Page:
Release Date: March 15, 2012
Receipt Date: April 2, 2012; March 22 annually thereafter
Earliest Start Date: June 1 annually
National Institute of Mental Health (NIMH)
The National Institute of Mental Health (NIMH) announces an administrative supplement program to provide funds to NIMH-supported research projects to support advanced research experiences for outstanding early career physicians and medical students from diverse backgrounds.
In response to recommendations from the 2008 National Advisory Mental Health Council Workgroup on Research Training, the NIMH encourages the recruitment, training, and retention of outstanding physician-scientists from diverse backgrounds. The purpose of this program is to improve the diversity of the mental health research workforce by supporting and recruiting early stage investigators from groups that have been shown to be underrepresented in scientific disciplines relevant to mental health research on a national basis. For the purposes of this initiative, eligible candidates include individuals from underrepresented racial and ethnic groups and individuals with disabilities (see “Eligible Candidates” below). The NIMH expects that participation in this administrative supplement program will enhance the professional development of the participating individuals, sustain their career trajectory through research independence, and lead to scientific advances that will help transform the understanding and treatment of mental illness.
The NIH recognizes a unique and compelling need to promote diversity in the biomedical, behavioral, clinical and social sciences research workforce. The NIH expects efforts to diversify the workforce to lead to the recruitment of the most talented researchers from all groups; to improve the quality of the educational and training environment; to balance and broaden the perspective in setting research priorities; to improve the ability to recruit subjects from diverse backgrounds into clinical research protocols; and to improve the Nation’s capacity to address and eliminate health disparities.
Accordingly, the NIH continues to encourage institutions to diversify their student and faculty populations and thus to increase the participation of individuals from groups currently underrepresented in the biomedical, clinical, behavioral, and social sciences at a national level. For this program, applicants are encouraged to identify candidates who will increase diversity in the national research workforce.
Numerous studies continue to underscore the lack of diversity among scientists who are engaged in biomedical and behavioral research in the U.S. (National Research Council (NRC), 2000 ; National Academy of Sciences et al., 2011 ) and provide evidence of a national need to develop and maintain a strong and diverse 21st century scientific workforce. Although the NIH currently provides multiple opportunities to develop research careers and improve participation for individuals from groups with low representation in the biomedical and behavioral sciences, reports from the National Science Foundation (NSF, 2011 ) and others provide strong evidence that diversity remains an important problem that the entire research enterprise must actively address.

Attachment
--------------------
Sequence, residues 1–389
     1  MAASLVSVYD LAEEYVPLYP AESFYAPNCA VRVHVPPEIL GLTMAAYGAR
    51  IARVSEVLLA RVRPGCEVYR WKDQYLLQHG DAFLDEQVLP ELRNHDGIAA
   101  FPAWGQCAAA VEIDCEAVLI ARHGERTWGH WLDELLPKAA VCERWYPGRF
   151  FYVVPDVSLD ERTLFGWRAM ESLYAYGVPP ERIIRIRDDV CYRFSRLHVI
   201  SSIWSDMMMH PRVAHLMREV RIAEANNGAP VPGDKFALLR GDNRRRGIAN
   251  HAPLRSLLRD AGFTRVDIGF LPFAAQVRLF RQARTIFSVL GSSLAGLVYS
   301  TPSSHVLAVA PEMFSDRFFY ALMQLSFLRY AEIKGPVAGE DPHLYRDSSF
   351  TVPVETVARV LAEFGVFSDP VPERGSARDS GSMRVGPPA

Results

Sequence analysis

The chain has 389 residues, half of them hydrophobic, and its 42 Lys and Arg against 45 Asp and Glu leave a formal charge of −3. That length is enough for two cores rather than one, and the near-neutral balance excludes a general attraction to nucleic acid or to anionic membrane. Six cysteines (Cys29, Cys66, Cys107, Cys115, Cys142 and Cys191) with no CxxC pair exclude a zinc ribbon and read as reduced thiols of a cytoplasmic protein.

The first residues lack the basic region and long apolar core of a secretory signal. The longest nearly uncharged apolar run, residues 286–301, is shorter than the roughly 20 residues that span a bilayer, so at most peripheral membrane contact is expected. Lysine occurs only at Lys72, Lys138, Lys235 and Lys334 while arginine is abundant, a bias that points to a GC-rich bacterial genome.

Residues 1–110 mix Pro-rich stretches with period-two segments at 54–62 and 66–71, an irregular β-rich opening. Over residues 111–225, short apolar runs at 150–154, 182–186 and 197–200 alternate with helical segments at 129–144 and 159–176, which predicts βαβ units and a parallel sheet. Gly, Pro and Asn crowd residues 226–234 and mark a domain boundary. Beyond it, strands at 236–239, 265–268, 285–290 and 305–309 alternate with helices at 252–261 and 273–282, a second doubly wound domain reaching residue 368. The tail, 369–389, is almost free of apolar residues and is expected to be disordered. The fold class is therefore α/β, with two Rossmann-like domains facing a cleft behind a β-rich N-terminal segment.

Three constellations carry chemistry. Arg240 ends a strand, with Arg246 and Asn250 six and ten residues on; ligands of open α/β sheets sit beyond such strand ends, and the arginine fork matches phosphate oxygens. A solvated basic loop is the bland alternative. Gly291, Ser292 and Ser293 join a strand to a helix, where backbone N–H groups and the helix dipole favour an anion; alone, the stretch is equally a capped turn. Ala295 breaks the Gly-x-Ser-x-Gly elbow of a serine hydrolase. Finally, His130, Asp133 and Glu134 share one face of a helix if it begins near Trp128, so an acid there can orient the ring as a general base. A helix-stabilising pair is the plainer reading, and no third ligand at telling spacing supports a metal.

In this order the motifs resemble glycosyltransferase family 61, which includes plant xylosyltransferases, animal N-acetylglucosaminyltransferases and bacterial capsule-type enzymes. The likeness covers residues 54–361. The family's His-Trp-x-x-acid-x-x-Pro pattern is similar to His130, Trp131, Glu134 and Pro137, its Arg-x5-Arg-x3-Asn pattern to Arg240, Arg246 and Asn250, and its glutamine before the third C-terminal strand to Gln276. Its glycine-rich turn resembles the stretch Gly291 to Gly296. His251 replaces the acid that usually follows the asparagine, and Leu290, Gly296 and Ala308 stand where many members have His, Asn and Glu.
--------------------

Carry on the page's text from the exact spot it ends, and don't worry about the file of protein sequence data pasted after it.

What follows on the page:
Recent data highlight challenges to increasing the diversity of the biomedical research workforce. For example, in 1989, 4.6% of the U.S. citizen recipients of the life sciences doctorates self-identified as American Indian, Black, or Hispanic; in 2006, 10.8% self-identified as American Indian, Black or Hispanic (NSF, 2010 ). In all science fields, only 1.2% of doctorate recipients in 2008 self-identified as disabled (NSF, 2008 ). In 2006, African Americans, American Indians and Alaska Natives, Hispanic/Latinos, and Native Hawaiians/Other Pacific Islanders constituted approximately 25% of the U.S. population, and 15% of recent medical graduates, but only 7.5% of full-time medical faculty (AAMC, 2008 ). Over time, these rates have remained stagnant. In 2010, African Americans, American Indians and Alaska Natives, Hispanic/Latinos, and Native Hawaiians/Other Pacific Islanders constituted approximately 14.4% and 7% of medical graduates and full-time medical faculty, respectively (AAMC , 2011). In Psychiatry, less than 7% of full-time medical faculty self-identified as individuals from an underrepresented racial or ethnic group in 2010 (AAMC, 2011 ).
There is abundant evidence that the biomedical and educational enterprise will directly benefit from broader inclusion. Bollinger (2003) noted that diversity during medical training enhances the quality of the physician workforce by introducing different perspectives and fostering collaboration, which enhances creative problem solving. Similarly, Daley et al. (2006) indicated that increasing diversity may contribute to a balanced research agenda by introducing new lines of scholarship, promoting better understanding of factors influencing health service utilization and decision-making, and increasing and strengthening basic, translational, and clinical research, as well as intervention development and implementation, and dissemination of research findings. There is no question that the need for a diverse workforce permeates all aspects of the nation’s health-related research effort.
The NIMH has an emphasis on research capacity building with a particular focus on expanding opportunities in research training and career development for investigators from diverse backgrounds underrepresented in biomedical science. The NIMH has a long-standing commitment to increasing the diversity of the research workforce. This commitment is exemplified by the research training and career development programs supported by the Institute and by the reports and associated recommendations issued in two workgroup reports of the National Advisory Mental Health Council, Investing in the Future and An Investment in America’s Future: Racial/Ethnic Diversity in Mental Health Research Careers . Despite this commitment, the pipeline of individuals from diverse backgrounds underrepresented in biomedical science striving toward and becoming NIMH-funded investigators continues to be less than would be expected or desired. This pattern is most striking in genetics and neuroscience, two research areas in which NIMH expects sustained need for skilled researchers in the future (2008 National Advisory Mental Health Council Workgroup on Research Training ).